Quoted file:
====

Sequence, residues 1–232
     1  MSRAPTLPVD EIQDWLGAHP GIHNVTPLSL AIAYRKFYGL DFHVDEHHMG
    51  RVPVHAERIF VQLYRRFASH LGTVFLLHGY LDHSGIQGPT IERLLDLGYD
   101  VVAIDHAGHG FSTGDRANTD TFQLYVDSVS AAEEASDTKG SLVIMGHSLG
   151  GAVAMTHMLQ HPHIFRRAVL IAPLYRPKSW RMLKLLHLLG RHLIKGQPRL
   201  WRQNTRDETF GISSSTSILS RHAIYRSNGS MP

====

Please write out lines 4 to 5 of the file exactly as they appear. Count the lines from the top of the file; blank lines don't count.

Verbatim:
   101  VVAIDHAGHG FSTGDRANTD TFQLYVDSVS AAEEASDTKG SLVIMGHSLG
   151  GAVAMTHMLQ HPHIFRRAVL IAPLYRPKSW RMLKLLHLLG RHLIKGQPRL